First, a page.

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03-23-2013, 02:07 PM
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agree with Dryden ... and no one will want to read the stuff i am capable of writing anyhow ;-)

id also like to say that Vagrant (not sure which GM that is, sorry) has some excellent points. i have said many times the problem is that the NHL floor is around 49m and we use NHL salaries so we should be able to spend at least 49m, miss the playoffs and not lose money.

the NHL revenue share system is designed to make sure teams can afford to spend to the mid point, we cant even spend to the floor.
Although it's not a perfect number either, it's true that if the NHL floor is 49M, our actual revenue through the sim (ie. through ticket sales) is pretty backwards if it's 5-10M below that.

Quote:
Originally Posted by Ohio Jones View Post
That's a good point, Dryden.

As far as the sliders go (I gather there are two that would affect in-season revenue), I'd like to see some tests run with each tweaked up individually and in combination to know what the effects would be, because at face value that seems the most logical, straight-forward and non-labour-intensive means of addressing the gap between the NHL's revenue and ours.

I recognize the danger inherent in injecting vast sums of "free money" into the league economy, which is why I'm suggesting some tests o see way the most modest adjustment would achieve.
Have we tried testing the sliders before with previous versions of the Sim, or is this just a new option we haven't had?

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03-23-2013, 03:07 PM
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I think I have the fourth highest income per game at $1,171,000. So that's $48M for 41 games. Not nearly enough

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03-23-2013, 03:28 PM
  #16
Vagrant
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I see no reason why, regardless of our team situation, we should be uncomfortably against falling into financial disrepair at any point. I just don't find that very realistic. While it's ideal to make a profit, there are teams in the NHL that make a hefty profit regardless of what product they ice. Thus, revenue sharing making things a bit more equal around the league.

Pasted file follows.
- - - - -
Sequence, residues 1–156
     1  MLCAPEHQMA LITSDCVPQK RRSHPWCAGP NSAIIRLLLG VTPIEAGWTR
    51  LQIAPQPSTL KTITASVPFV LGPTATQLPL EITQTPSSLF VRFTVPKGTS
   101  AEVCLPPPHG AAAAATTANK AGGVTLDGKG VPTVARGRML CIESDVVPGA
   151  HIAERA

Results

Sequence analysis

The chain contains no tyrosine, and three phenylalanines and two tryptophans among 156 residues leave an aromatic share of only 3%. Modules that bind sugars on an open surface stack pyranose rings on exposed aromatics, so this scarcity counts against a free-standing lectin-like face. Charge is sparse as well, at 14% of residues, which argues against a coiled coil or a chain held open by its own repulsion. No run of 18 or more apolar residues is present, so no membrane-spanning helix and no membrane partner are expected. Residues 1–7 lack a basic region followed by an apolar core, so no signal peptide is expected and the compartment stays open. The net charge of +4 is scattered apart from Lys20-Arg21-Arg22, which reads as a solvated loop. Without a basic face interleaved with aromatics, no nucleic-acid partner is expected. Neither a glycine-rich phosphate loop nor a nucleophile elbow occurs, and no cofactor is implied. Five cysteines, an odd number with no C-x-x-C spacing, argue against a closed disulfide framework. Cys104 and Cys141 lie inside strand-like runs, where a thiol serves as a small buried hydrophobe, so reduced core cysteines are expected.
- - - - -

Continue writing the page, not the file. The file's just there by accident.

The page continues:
I feel as if one should have to DRAMATICALLY disregard finances in order to stray into where the math would be a problem. I mean, this isn't a financial simulation as much as a hockey simulation, and when teams start having to make decisions about players they want to keep, have the cap to keep, but can't find the liquidity to do it then I think we have a problem that is no longer representative of the NHL. While there are a number of teams with a self-imposed budget to adhere to, that number is quite fluid and most owners are willing to spend into the red when the play of the team dictates.... which is not even an option we have here.

I feel like we have to make a decision if what we're trying to do here is to emulate the NHL or if we're trying to create our own financial/hockey game that requires us to make unrealistic roster decisions based upon an arbitrary bank account in a flawed system.

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03-23-2013, 04:49 PM
  #17
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for the record, i looked it up and the salary floor next season is scheduled to be at 44m.

i believe its 49m for this transition season.

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03-25-2013, 01:19 PM
  #18